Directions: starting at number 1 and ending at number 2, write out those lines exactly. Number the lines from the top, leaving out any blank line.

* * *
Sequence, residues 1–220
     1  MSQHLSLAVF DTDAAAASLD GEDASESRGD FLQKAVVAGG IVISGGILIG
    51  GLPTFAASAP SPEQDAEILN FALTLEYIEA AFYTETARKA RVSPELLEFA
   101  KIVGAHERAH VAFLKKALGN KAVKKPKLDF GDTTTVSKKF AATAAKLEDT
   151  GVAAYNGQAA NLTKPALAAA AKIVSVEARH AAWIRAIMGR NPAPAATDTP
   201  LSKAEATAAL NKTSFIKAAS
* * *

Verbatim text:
Sequence, residues 1–220
     1  MSQHLSLAVF DTDAAAASLD GEDASESRGD FLQKAVVAGG IVISGGILIG